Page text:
Rosanne Cash and the Many Meanings of Love

One of the most gifted singer-songwriters of our time talks love, science and the deep space between men and women

Rosanne Cash, the daughter of Johnny Cash, is not a country and western singer in the tradition of her famous father. She's American music's theoretical physicist of love. (Deborah Feingold)
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If you know Rosanne Cash only as Johnny Cash’s daughter, then you haven’t had your heart shattered, your life changed, your spirits lifted—then dashed into the dust—by one of her dangerously beautiful songs. You haven’t sighed tragically over her doomy, painfully romantic “Sleeping in Paris” or had your emotional life caught up on “The Wheel” or found yourself alone in a darkened room with an attractive stranger listening to her breathtaking, heart-racing “Runaway Train.” You have missed one of the most gifted singer-songwriters of our time.

Her songs are intense; they stay with you like a lifelong fever. They create worlds lit by what Cash described to me as “the ebullience that comes from darkness.” She’s not a country and western singer in the tradition of her famous father. She’s American music’s theoretical physicist of love.

I’ll get to the connection between love and theoretical physics (seriously) a little later, when I come to our conversation about multiverse theory. But first, let’s get this identity thing straightened out. Cash is not a country gal, never was. She only lived in Nashville for nine years, she pointed out when we met for lunch near her apartment in the heart of New York City’s Greenwich Village. She grew up in Southern California, was a Beatlemaniac rock ’n’ roll chick in her youth, lived in Europe and has been a New Yorker for 20 years.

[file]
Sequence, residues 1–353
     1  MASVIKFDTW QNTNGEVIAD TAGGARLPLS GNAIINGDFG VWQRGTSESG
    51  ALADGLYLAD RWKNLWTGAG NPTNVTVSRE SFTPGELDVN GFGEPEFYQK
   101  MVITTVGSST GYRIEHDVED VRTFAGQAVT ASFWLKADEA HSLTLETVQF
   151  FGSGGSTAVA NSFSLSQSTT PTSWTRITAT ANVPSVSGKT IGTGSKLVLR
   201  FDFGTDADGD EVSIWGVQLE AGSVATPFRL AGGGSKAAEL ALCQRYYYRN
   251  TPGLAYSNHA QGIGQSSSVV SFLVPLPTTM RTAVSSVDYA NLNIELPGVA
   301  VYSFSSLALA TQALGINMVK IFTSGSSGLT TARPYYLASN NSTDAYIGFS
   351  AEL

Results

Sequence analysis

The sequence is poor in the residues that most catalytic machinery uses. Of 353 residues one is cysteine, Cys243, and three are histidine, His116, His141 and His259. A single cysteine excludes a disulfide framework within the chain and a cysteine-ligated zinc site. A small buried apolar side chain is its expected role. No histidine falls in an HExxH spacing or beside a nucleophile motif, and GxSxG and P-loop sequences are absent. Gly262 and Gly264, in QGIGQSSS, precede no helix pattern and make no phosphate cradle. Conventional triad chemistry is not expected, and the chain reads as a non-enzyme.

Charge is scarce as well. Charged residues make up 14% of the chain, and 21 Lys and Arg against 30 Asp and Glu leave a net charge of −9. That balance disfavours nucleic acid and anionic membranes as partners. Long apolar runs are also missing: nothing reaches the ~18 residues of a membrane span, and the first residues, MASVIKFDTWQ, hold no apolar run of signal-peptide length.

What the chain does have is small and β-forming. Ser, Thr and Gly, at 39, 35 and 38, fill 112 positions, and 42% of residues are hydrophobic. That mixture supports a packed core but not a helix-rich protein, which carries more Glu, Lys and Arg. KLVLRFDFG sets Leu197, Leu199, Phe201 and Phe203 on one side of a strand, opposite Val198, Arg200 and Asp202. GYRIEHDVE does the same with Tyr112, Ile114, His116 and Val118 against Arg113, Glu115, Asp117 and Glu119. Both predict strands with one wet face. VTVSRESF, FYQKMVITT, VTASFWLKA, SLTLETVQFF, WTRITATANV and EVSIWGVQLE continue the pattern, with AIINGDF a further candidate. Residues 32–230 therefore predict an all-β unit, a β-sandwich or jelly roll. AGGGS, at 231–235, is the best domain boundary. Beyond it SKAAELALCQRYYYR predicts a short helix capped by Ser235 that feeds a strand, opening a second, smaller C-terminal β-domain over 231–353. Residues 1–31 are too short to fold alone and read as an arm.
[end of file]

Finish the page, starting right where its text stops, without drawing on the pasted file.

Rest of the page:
Her memoir tells of her struggle to escape from her father’s shadow, cutting her first album in Munich, reluctantly accepting his help when she returned to Nashville, where she married a brilliant singer-songwriter (Rodney Crowell, author of what I think is one of the greatest country songs ever, “Til I Gain Control Again”).

By the time they divorced, in 1992, she had moved to New York with her daughters and it was there she found herself personally and musically—self-discovery perhaps best expressed in her dreamy song “Seventh Avenue.”

The more she came into her own, the more comfortable she seemed living with her father’s legacy. Back when Rosanne was a SoCal Beatles and Byrds teenybopper, and a little embarrassed by country music’s retro image, her father painstakingly wrote out in pencil a list of 100 great country songs she ought to know. She put it away somewhere, but didn’t forget it.

The album she made in 2009 called The List contains 12 of the songs. There have been reports the list itself was thought to be long lost.

“I have it!” she told me.

“It’s now in a file cabinet on my third floor.” She says she plans to make another album from it sometime soon.

The culmination of her reconciliation with her father’s shadow, the most beautiful expression of their enduring love, is the haunting and unbearably sad duet she recorded with him shortly before his death, a song she wrote called “September When It Comes” (on her Rules of Travel album). Warning: See a cardiologist before you listen. Once you hear it, you will never recover as long as you live.


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